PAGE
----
Friday, 31 May 2013

Oaks Day

It’s Oaks Day, so I am in a state of high excitement. There is a filly I absolutely love called Secret Gesture, and I am hoping that she will cruise round the testing corners and undulations of Epsom and soar to glory. She was wonderfully impressive last time out, but this is the fillies’ classic and she is up against the best of her generation and there is never any guarantee that a horse will handle this idiosyncratic track. Still, she is the girl for me, no question about it.

I raced through my work this morning. For once, my time management worked. (At this point you must imagine me falling off my chair.) I took the car to the garage, gave Red a pick of the new lush grass that is growing in the field beyond her paddock, discussed the racing with my mother, walked Stanley the Dog, took photographs of the sheep (very important), went up to HorseBack and did my daily work for them, wrote 979 new words of book.

Now I write this, and then THAT IS IT. I’m off for the afternoon. I shall be watching the fascinating racing at Epsom, with my heart pounding. That is my Friday plan.

So there are mostly photographs for you today. It was the most ravishing morning. Dear old Scotland put on her pomp for us, and the Horse Talker and I were so overcome by the weather that we met each other at the paddock dressed identically in white linen. So sensible when one is working with horses. But the sunshine must be saluted.

The sheep were particularly enchanting, as you shall see. I love them. Mr Stanley the Dog gets five gold stars because he has completely accepted that they are not for him, and rests quietly on his lead, not barking or straining or making alarming faces at them, so that they stay gently at rest as we watch them. It was a bit of a moment, really.

Today’s pictures:

A very lovely new horse has arrived at HorseBack. He is called Fantastic Mr Fox:

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Here he is, relaxing into his new home, with his owner, HorseBack’s Jess March. On the right is Scott Meenagh with his dear canine, Jura the Puppy, and the majestic Deeside hills in the background:

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Back at home, everything is green as green:

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The sheep are resting graciously in the shade:

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There are random leaves, because there must always be random leaves:

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Coos have come to stay with the sheep, and are settling down nicely:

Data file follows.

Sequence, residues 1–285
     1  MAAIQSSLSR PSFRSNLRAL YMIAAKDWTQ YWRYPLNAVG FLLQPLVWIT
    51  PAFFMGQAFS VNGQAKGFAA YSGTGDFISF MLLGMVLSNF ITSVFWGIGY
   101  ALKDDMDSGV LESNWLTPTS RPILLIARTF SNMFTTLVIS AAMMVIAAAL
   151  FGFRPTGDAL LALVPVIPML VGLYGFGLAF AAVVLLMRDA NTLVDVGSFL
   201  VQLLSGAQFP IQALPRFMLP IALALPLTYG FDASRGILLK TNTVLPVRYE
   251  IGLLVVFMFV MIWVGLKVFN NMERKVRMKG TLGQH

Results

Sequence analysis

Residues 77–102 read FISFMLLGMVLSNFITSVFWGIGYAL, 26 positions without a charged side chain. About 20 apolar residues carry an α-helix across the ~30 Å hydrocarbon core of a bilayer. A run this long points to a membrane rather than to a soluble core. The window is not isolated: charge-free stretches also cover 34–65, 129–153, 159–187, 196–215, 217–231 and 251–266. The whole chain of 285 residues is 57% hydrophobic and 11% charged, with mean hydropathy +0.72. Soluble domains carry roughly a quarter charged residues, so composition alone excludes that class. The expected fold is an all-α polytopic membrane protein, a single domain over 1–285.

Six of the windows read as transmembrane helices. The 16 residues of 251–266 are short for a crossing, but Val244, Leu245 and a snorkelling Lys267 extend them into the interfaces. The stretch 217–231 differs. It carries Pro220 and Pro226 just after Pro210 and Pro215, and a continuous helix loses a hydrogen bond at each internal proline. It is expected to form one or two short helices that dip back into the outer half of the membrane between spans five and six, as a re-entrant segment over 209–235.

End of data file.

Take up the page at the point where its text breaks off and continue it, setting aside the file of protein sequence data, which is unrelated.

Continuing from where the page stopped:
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This fella was my absolute favourite. Stanley and I were standing very close to him, but he was not afeared. Note the watchful mother in the background:

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More coos:

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The blossom is really finally blossoming. We’ve waited a long time for it this year:

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A very grand lady indeed:

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Cow parsley:

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My favourite chap again:

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The old oak plantation:

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The oaks are always the last to come into leaf, but it still amazes me that it is almost June and they remain bare:

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View to the south-east:

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This was taken by the Remarkable Trainer yesterday. We were teaching Red to jump. She ran on the flat and did polo so we think she has probably never seen a jump before. From the way she did it, we are pretty sure she has not. First of all there was a mighty leap, even though the tree trunk was hardly more than four inches high; then a series of funny little hops. After each, she was so excited by her own cleverness that she threw her head in the air, went zoom zoom, and pranced about the field. The really lovely thing about her now is that it only took four or five strides to settle her again, despite the adrenaline running.

I love several things about this picture. I love her look of concentration and all the fine muscles on her strong body. I love that we can teach a thoroughbred mare to jump in a rope halter on a loose rein. And it makes me laugh that I look as if I think I am riding her in the Gold Cup, instead of going over a jump so small it is hardly visible to the naked eye. My mother looked at it and said: ‘That’s exactly how you used to look when you were riding Seamus.’ Seamus was my beloved working hunter pony when I was thirteen. It seems that even after thirty-three years, some things don’t change:

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And here we are in relaxed mood, going over our newest obstacle course. See how willingly and delicately she is doing it. I could not be more proud of her if I tried:

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And afterwards, quite pleased with herself:

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Look. Look. Mr Stanley the Dog DOES BLINKY EYES. I remember when The Pigeon used to do that. Slays me every time:

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Hill, blue and stately today:

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  1. Jumping a TB in a rope halter. That's quite something.

  2. Congrats on Red's first jump! Do you have aspirations to keep upping the height and get her to jump horse-show style jumps, or are you just using the jumping as another obstacle for the program of getting her used to new things?


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